Losing possession: Take 3

Once again, lack of desire to get into a position to receive the ball has put the man on the ball under heavy pressure even in possession. Rooney HAS to make the effort to get into the space highlighted, if he doesn’t, which he never, Bolasie has nowhere to go and possession is lost.Rooney has made a career on being an attacking midfielder and being a link to the attack, which is why it baffles me that he couldn’t see that he was completely ineffective in the position highlighted above.

Losing possession: Take 4

Once more, the below photo highlights the sheer lack of the correct decision making that was evident in Saturday’s performance.

Rooney has possession of the ball and an obvious man to pass the ball to and retain possession. Ashley Williams at the end of our squiggly arrow is calling for the ball, under no pressure. Instead of making the pass on his first touch, Rooney decided to allow the ball to come into him giving the West Brom man a chance of putting a foot in. Another example of spacial awareness.

Rooney was playing in a more defensive midfield role on Saturday. A position on the pitch where it’s key and paramount that possession is retained and utilised properly. If you lose the ball in that position it’s highly likely that it will lead to an attack for the opposition.

Lack of intent

The above action shot is provides the perfect still image of something we’ve seen as fans all season. In this case both our Winger and full back have been covered completely by the opposition. The space on the edge of West Brom’s box here is far from acceptable with 3 central midfielders on the pitch.

Often we’ve seen this exact shot happen with our sole striker. It proves how easy it is too isolate our attacks, the opposition simply double up on our winger and fullback pinning them too the touchline. When it’s our centre forward the oppositions have simply ensure both centre backs crowd our lone striker out and put s central midfielder in front of him for good measure.

The lack of intent our players show to each other in an attack is hard to watch. It’s the least we want too see as fans, to get forward in numbers and provide options to the man in possession.

Lack of intent: Take 2

This time it’s a lack of intent in a defensive situation. Holgate once again has no excuse in the below shot not to press the ball. Standing off is going to achieve nothing and just opens the door for the opposition man in possession of the ball to keep moving forward.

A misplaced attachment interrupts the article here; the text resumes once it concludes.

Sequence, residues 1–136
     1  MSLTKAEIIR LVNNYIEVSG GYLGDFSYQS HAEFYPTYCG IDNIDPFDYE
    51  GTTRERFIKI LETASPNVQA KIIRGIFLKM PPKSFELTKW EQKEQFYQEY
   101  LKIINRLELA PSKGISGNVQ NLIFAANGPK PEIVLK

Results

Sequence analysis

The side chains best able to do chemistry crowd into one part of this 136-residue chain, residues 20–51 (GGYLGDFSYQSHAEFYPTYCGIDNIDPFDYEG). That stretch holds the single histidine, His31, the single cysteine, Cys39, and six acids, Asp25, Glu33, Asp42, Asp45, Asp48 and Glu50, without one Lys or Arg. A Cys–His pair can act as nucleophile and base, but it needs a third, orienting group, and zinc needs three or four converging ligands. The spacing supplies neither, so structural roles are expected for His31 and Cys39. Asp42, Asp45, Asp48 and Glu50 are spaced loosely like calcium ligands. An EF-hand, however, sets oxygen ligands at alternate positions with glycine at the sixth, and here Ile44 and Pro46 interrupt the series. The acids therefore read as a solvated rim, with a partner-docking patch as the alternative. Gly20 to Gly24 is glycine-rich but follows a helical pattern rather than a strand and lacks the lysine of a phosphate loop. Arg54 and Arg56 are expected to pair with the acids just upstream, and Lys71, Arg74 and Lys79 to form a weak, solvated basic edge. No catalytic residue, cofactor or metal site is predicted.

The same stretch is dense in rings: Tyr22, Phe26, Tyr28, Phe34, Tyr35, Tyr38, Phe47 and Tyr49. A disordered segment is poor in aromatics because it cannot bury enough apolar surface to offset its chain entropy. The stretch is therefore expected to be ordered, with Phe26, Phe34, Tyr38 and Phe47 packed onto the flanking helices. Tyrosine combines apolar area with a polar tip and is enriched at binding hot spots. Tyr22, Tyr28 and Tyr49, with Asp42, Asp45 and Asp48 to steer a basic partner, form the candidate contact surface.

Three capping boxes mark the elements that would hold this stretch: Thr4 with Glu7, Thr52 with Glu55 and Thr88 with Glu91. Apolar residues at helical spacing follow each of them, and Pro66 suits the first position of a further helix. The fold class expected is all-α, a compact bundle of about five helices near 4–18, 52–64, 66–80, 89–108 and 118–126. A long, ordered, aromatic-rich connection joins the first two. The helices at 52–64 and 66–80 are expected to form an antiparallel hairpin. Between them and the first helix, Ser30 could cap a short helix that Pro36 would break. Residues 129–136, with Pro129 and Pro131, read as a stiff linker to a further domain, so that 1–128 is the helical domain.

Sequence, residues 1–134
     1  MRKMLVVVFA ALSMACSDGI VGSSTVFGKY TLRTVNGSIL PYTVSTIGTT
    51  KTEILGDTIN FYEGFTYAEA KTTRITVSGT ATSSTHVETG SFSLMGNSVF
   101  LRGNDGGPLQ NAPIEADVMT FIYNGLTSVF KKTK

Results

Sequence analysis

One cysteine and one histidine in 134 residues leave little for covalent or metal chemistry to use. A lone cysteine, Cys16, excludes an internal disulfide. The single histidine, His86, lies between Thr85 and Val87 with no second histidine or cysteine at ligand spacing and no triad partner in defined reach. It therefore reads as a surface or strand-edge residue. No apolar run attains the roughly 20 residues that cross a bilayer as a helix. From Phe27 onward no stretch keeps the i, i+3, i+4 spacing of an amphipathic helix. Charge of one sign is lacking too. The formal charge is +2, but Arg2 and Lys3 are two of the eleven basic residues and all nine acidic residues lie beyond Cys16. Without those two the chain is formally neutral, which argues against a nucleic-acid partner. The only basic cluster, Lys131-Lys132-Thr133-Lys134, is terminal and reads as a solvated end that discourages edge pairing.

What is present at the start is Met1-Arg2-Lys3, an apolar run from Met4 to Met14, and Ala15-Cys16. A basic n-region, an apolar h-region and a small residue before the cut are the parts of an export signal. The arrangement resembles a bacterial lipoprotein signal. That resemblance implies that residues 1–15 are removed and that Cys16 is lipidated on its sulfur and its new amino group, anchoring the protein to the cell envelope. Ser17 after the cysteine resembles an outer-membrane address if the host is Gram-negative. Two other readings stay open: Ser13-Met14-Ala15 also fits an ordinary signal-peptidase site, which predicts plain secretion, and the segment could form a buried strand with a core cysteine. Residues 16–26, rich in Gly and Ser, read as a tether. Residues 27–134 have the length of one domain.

JonJoe Kenny is the only defender in the shot not doing anything he shouldn’t be. Ashley Williams’ body position is all wrong, once more showing a lack of awareness to players around him. Cuca Martina is once again 10 yards out of position and by the time West Brom had took their shot he still wasn’t in position.

Lack of intent: Take 3 and poor positioning

Yes, you’re right we have two central defensive midfielders positioning themselves on our right wing. Just look at the space Rondon has to move into, completely unchallenged. Wayne Rooney and Morgan Schniederlin are stood on each others toes and doing exactly the same job as the other, in the same area of the pitch. Why is it not obvious too either of them that one needed to stay central and cut out any break out attack? If I can see it then surely two fellas paid to play the game can as well.

Summary

A lot of what I have highlighted above isn’t down too the lack of confidence thats apparently lacking in our players. It’s purely a result of a negative attitude thats been breathed into the players by their manager. I completely accept that a couple of individuals had no intention to perform well in Saturday’s game, but you can see that the rest were scared to try and go forward.

Allardyce spoke in his post match press conference after the Tottenham defeat about the Everton team being “Too attacking”. Although I’m sure that the players would of been told separately by Allardyce, what kind of message does that comment send to one of your players after a 4-0 thumping? Not only did we get beat 4-0 we didn’t have a single shot on target that was legal, too attacking or not attacking with enough intent? Theres a big difference and one that seems to have bypassed our manager.